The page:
Panchmel Dal – Rajasthani Cuisine
Rajasthani Cuisine: The culturally rich and colorful Rajasthan, the largest state in India has many distinctive attributes to its credit. The war-like lifestyles of its residents, the lack of green leafy vegetables, the scarcity of water, the need for food that could last for several days without having to be heated, have all had their influence on the cooking in this arid region.
One such, extensively loved traditional complete meal is a set of three dishes called ‘Dal (lentils) – Baati (a form of bread) – Churma (sweet/dessert)’.
In any Indian meal, lentils form a main source of protein, therefore boasting a prominent place. A variety of lentils are incorporated in the everyday cooking. One can note variations in the cuisine and manner of cooking of lentils, every few miles in India.
This preparation is named ‘Panchmel Dal’ which literally means the blend of five different lentils. ‘Panch’ meaning ‘five’, ‘mel’ pronounced with emphasis on the ‘e’, meaning ‘blend’.
tuvar dal – 1/3 cup (split pigeon peas)
chana dal – 1/3 cup (split yellow peas/bengal gram)
mung dal – 1/3 cup (split de-husked gram gram)
urad dal – 1 tbsp (split de-husked black gram)
mung bean – 1 tbsp (whole green gram)
ghee – 2 tbsp (or oil)
cloves – 3
bay leaves – 2
cumin – 1 tsp
green chili – 2 slit
asafoetida – 1 pinch (avoid asafoetida if on a gluten-free diet)
red chili powder – 1-3 tsp (as per taste)
turmeric powder – 1/4 tsp
coriander powder – 1 tsp
amchoor powder – 2tsp (dried mango powder)
garam masala powder – 1/2 tsp
tamarind puree – 2 tsp
water – 4 cups for the dal; and 3 tbsp for mixing with spice powders
salt to taste
- tuvar dal - ⅓ cup (split pigeon peas)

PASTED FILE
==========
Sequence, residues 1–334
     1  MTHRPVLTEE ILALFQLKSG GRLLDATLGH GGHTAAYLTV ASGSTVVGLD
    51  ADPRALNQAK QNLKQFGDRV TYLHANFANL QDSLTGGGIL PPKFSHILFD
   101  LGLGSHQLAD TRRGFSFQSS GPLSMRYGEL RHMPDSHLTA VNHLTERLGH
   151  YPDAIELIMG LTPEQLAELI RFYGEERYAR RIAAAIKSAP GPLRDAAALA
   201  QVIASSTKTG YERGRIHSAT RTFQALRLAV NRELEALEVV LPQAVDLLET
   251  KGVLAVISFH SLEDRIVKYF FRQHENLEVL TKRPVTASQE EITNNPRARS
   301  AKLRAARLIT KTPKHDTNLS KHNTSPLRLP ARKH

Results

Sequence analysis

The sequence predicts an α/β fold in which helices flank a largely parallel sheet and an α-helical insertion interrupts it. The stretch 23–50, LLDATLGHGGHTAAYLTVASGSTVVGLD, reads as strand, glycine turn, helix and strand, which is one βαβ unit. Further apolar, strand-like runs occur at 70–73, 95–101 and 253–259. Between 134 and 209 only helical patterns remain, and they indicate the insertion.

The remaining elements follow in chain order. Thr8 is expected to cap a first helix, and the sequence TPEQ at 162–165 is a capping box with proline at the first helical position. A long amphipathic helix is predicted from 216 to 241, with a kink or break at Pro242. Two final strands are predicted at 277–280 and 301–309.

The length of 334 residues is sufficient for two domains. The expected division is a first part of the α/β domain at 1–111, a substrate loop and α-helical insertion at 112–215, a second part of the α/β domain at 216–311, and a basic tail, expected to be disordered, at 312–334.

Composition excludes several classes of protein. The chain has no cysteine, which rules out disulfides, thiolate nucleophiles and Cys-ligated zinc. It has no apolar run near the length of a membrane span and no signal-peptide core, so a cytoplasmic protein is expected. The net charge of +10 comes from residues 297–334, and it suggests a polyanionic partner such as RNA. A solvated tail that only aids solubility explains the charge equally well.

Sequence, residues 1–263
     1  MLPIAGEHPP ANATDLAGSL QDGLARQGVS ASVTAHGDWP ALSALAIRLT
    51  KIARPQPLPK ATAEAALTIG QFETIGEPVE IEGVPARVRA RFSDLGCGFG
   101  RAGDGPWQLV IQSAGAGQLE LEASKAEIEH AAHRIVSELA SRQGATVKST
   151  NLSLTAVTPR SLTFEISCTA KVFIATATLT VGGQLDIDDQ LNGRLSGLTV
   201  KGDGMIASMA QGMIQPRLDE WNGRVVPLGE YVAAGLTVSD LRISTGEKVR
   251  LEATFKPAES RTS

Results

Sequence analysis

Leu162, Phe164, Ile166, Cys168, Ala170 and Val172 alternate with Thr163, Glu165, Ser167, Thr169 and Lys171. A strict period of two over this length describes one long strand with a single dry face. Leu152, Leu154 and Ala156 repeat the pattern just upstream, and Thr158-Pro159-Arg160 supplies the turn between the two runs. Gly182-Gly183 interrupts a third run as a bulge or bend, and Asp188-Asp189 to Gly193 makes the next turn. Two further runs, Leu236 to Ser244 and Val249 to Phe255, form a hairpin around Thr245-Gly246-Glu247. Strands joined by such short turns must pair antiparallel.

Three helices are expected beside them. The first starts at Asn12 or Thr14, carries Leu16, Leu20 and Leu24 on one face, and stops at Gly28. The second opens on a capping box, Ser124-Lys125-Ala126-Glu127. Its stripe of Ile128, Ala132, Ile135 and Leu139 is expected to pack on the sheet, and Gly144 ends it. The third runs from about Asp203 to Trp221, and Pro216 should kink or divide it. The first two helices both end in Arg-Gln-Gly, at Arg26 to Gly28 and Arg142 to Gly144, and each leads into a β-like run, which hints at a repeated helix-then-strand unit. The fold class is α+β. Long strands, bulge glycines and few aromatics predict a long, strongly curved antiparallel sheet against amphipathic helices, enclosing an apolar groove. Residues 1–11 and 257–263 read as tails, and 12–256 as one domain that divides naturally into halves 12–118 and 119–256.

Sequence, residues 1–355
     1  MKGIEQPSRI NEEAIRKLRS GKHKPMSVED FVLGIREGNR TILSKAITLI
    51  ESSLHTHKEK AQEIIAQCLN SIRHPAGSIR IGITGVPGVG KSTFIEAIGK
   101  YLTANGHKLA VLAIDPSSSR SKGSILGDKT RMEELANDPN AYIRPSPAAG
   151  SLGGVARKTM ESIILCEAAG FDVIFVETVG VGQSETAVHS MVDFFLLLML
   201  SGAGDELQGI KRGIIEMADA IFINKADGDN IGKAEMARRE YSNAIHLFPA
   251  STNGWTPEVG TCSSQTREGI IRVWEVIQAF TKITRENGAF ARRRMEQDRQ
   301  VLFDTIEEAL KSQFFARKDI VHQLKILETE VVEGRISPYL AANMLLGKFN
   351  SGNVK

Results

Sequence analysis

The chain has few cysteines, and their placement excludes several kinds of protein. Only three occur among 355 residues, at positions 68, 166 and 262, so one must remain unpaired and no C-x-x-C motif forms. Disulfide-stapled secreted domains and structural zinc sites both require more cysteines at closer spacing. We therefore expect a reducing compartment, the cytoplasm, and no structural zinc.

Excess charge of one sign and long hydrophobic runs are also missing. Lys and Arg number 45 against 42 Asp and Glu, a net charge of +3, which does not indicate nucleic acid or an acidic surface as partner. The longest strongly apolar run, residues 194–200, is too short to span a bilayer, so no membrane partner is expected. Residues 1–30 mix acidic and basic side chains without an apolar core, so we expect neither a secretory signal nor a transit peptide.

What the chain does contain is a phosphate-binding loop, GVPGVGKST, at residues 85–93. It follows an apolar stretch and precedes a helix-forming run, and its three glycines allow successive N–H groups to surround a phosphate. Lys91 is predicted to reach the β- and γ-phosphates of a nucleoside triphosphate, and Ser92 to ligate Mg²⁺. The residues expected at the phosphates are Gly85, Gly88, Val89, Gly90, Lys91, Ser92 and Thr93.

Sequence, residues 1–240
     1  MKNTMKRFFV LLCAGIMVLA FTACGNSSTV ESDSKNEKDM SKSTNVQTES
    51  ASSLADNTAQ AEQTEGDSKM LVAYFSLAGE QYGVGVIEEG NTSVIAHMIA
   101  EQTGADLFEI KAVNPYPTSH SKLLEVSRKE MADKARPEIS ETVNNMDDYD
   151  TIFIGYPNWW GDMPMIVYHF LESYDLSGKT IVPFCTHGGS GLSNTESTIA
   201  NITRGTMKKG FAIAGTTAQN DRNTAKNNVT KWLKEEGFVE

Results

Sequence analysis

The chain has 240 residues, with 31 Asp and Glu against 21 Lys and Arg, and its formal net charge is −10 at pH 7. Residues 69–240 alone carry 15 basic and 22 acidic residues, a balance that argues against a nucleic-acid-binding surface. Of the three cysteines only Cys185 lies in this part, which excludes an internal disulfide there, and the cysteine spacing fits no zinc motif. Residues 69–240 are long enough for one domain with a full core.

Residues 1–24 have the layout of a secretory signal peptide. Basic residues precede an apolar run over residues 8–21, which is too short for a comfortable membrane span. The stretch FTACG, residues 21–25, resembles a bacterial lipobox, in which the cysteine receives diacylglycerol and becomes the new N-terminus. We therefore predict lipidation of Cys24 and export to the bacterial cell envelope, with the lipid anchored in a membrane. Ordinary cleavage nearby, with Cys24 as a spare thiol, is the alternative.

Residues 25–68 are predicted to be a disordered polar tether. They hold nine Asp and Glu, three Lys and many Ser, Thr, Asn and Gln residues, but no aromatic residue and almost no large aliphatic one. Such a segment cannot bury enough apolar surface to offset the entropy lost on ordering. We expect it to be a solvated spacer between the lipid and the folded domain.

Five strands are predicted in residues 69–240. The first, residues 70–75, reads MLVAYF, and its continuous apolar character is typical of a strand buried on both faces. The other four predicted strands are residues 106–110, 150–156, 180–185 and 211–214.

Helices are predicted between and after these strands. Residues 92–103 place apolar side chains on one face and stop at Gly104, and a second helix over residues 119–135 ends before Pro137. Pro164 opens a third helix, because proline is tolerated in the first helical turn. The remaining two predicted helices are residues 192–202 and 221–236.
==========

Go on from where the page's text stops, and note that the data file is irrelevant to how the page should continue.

- chana dal - ⅓ cup (split yellow peas/bengal gram)
- mung dal - ⅓ cup (split de-husked gram gram)
- urad dal - 1 tbsp (split de-husked black gram)
- mung bean - 1 tbsp (whole green gram)
- ghee - 2 tbsp (or oil)
- cloves - 3
- bay leaves - 2
- cumin - 1 tsp
- green chili - 2 slit
- asafoetida - 1 pinch (avoid asafoetida if on a gluten-free diet)
- spice powders>>
- red chili powder - 1-3 tsp (as per taste)
- turmeric powder - ¼ tsp
- coriander powder - 1 tsp
- amchoor powder - 2tsp (dried mango powder)
- garam masala powder - ½ tsp
- tamarind puree - 2 tsp
- water - 4 cups for the dal; and 3 tbsp for mixing with spice powders
- salt to taste
- firstly, wash all the lentils with water twice and drain. adding 3 cups of water cook this in the pressure cooker. at the first whistle simmer for 10-15 minutes. turn off the heat and allow it to cool naturally. I prefer using the pressure cooker to cook the lentils always as this ensures not just quicker cooking but also less chances of nutrient loss.
- now prepare the spice powder mix, by mixing 3 tbsp of water to the spice powders taken in a bowl. mix well to remove lumps.
- one the lentils are cooked and ready, in a pan, heat 2 tbsp of ghee (or oil). add cumin seeds, cloves, bay leaves, green chilies and asafoetida. stir.
- once the cumin crackles or turns a darker shade and the green chili appears roasted on the surface, add in the spice powder solution which has been prepared. stir for 1-2 minutes.
- now add in the cooked lentils, salt, tamarind puree, adding additional 1 cup of water (or more as per the consistency desired) and bring it to a boil. simmer and cook for 5-7 minutes while stirring on and off to avoid burning.
- serve hot with Baati and Churma for a traditional complete meal OR serve with any flat bread or rice.
do not forget to stir on and off while the dal is cooking.
traditional dishes make use of ghee, which is clarified butter adding a wonderful aroma to the dish. for a vegan version, use oil.
some prefer to add amchoor powder (dry mango powder) at the very end once the heat is turned off. I prepared the solution with all the spice powders added together.